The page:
The Minnesota Twins showed an unusual side in signing free agent pitchers Ricky Nolasco and Phil Hughes, and bringing back Mike Pelfrey. They missed out on A.J. Pierzynski, but the signing of Kurt Suzuki will allow them to bring their young catcher, Josmil Pinto, along slowly in the major leagues as they replace Joe Mauer who has moved to first.
Among others, the Los Angeles Dodgers, the Oakland A’s, and the San Francisco Giants (in bringing Tim Hudson back to the Bay Area) have had productive off-seasons.
There are countless other major moves that have been made and other teams that have significantly enhanced their chances for winning, but the point is that January is a time of optimism. Spring Training looms on the horizon as this is the last full month before pitchers and catchers begin to report. Players, if they took time off for the holidays, are aggressively starting or continuing their off-season workout regimens. This is the time that will set in motion the attitudes and the chemistry that makes up each team. Baseball is not about having the most physically gifted team, it’s about the team that can do the most to maximize the synergy of the team and create a culture that is unwilling to accept losing.
It should be a fun season. It’s too early to form an opinion of the teams that stand the best chance as there are still some roster-changing moves that will be made before spring training breaks, but in the AL, you know that the Red Sox, Rays, Tigers, Rangers, A’s, and Angels will have a say in who wins and who loses.
I hope it’s a very happy and enjoyable New Year for everyone! Time to make new friends, create fantastic new opportunities, experiences, and memories. Time to get excited about the arrival of the upcoming Major League Baseball season. May the 2014 season bring you great satisfaction and enjoyment!
The Masahiro Tanaka Sweepstakes…
It’s been written that the New York Yankees are the favorites to sign prized Japanese free agent pitcher Masahiro Tanaka, but it’s really anybody’s guess where he will sign. Personally, I could see the Los Angeles Dodgers blowing away the competition, and they would certainly provide a main stage for Tanaka to perform. No offense to the Minnesota Twins, but I couldn’t really see a player with Tanaka’s potential playing in a small market. I would love to see Tanaka sign with the Yankees and I think Hiroki Kuroda would be the perfect mentor to help Tanaka’s transition to the United States. But the Dodgers have a strong history with Japanese players. The Texas Rangers may be players and you certainly cannot underestimate the Seattle Mariners or the Los Angeles Angels. The Tanaka decision will be made within the next three weeks as it has to be completed by January 24th, so it should be interesting to watch Tanaka’s tour and to see how much teams are willing to pay for his potential. Guys like Clayton Kershaw, with free agency looming in the not-so-distant future, have to love this, and it will help enhance the monetary packages it will take to sign or retain them with proven superior performance in the MLB.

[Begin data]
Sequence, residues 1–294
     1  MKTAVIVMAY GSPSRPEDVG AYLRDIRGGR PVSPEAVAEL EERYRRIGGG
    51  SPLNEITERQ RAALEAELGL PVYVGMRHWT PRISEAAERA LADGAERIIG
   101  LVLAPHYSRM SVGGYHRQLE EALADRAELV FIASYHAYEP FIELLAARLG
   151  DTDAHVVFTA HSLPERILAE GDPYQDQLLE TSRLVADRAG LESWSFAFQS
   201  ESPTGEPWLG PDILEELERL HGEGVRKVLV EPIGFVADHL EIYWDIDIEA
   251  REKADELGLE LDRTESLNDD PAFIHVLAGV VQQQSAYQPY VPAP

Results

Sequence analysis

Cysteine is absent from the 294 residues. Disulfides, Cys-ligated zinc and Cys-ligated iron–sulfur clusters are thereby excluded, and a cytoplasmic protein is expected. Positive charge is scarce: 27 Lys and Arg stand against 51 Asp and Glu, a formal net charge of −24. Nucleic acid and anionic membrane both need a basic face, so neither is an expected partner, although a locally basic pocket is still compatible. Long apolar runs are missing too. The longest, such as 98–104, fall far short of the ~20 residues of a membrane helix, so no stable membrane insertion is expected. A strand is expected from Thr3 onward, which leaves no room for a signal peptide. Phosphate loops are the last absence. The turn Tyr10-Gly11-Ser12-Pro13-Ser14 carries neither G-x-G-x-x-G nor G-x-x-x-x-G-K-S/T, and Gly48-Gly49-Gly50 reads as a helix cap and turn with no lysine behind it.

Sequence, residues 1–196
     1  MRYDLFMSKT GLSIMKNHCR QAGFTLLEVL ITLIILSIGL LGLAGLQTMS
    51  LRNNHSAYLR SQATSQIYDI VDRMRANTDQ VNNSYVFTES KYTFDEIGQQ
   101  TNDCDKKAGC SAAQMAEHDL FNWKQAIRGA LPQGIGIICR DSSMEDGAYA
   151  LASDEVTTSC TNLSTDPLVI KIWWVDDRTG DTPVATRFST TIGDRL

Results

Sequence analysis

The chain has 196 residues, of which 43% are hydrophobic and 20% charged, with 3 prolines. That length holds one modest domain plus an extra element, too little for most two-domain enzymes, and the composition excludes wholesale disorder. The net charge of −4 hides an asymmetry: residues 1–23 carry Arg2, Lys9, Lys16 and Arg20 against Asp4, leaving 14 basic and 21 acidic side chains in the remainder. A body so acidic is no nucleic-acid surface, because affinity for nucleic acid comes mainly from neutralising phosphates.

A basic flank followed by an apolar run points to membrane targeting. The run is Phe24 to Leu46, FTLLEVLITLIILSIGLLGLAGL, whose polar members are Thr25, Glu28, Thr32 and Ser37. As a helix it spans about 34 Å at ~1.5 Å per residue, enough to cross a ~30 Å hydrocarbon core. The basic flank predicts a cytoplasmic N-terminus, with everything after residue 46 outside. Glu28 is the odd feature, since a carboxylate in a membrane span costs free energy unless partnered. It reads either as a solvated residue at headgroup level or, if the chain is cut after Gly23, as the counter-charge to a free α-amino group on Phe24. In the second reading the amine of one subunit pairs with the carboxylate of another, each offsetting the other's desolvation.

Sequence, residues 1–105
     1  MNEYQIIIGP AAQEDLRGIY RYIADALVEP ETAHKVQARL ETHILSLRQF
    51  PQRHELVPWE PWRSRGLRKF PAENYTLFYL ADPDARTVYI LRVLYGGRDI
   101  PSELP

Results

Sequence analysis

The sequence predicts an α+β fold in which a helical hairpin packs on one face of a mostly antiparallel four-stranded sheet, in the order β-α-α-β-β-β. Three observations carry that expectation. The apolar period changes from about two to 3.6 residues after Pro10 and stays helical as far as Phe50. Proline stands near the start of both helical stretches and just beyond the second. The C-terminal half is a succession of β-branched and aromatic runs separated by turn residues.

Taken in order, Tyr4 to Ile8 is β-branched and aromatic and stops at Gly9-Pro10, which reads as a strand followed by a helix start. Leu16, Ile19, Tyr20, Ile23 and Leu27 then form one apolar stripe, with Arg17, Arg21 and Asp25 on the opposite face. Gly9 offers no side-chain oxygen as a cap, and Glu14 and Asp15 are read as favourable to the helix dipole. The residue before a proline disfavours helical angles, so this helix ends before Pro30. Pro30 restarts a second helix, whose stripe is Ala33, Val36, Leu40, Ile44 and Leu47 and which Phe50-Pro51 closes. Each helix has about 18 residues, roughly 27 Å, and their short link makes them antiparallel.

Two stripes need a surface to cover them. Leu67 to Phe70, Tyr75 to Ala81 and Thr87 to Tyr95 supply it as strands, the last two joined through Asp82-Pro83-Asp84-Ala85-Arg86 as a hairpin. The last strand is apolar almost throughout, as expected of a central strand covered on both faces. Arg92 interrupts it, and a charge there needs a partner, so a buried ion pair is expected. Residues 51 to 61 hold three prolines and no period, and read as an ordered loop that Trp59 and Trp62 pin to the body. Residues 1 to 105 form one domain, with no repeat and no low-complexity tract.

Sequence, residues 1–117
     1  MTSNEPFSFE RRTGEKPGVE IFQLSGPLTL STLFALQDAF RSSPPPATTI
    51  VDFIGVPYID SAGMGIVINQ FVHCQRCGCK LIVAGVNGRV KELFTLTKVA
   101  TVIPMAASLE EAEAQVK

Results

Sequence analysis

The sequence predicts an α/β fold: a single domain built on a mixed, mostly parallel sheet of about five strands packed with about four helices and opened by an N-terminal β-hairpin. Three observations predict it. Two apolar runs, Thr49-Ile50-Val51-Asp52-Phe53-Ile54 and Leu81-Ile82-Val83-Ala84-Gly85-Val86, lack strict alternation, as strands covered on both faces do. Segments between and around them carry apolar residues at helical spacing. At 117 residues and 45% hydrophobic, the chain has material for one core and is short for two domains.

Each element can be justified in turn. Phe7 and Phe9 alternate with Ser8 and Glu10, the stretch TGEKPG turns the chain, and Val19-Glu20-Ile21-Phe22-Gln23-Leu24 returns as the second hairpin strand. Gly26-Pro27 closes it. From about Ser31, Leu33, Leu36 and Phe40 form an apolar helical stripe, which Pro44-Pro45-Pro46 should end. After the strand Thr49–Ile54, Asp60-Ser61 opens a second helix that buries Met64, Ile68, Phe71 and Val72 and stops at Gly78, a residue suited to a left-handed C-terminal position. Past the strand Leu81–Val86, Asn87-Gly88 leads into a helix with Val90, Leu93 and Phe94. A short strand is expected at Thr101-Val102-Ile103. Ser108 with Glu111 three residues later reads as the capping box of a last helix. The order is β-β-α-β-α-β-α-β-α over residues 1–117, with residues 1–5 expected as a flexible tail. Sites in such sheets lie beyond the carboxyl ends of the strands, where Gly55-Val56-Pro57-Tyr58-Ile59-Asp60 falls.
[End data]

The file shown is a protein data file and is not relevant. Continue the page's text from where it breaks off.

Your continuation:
If the Yankees lose out on Tanaka, I am not sure what a good Plan B will be. I’ve heard Ubaldo Jimenez’ name mentioned, but it’s not a guarantee that 2013 was a return to the promise he once held or if it was just an aberration and he’ll continue his prior downward slide. Bronson Arroyo, Ervin Santana. None of these names excite me. I am more hopeful that guys like Michael Pineda and Manny Banuelos can come into training camp and make statements for why they should be the guys.
Roster moves await…
With the 40-man roster filled, and the signings of second baseman Brian Roberts or reliever Matt Thornton to be made official, it’s clear the Yankees will need to open roster space. Given the excess at catcher with the signing of Brian McCann, it’s fairly clear that either Austin Romine or J.R. Murphy could be moved. I think we’ll see the departure of Vernon Wells despite his salary friendly status thanks to the Angels. Even something free is not worth keeping if it has no value. As speculated, I could still see a trade of Ichiro Suzuki to a team like the San Francisco Giants. I have no problem with Zoilo Almonte taking the fifth outfielder role, particularly in light of his strong winter play.
I don’t think the Yankees have done enough yet, but I also do not think they are finished. I am confident that by the time training camp opens, the Yankees will have the collection of players capable of restoring the team’s 90+ win ability. Time will tell if they’ve caught up with their prime AL East competitors but at least with the Yankees, you know it won’t be for the lack of trying.
The words of Randy Levine…
Admittedly, I do not know much about Yankees president Randy Levine, but I am not impressed with the man. I wasn’t before the text messages between Levine and Alex Rodriguez were released and I am even less so now. Some of his comments come off as very unprofessional. I remember how vilified Red Sox president Larry Lucchino was by Yankees fans when he made his ‘Evil Empire’ remark and how hated he is, but I really do not see Levine as any better and very likely, much worse. At least Lucchino has overseen three world championships since 2004. The Yankees’ 2009 World Championship was more Hal Steinbrenner and Brian Cashman, among others.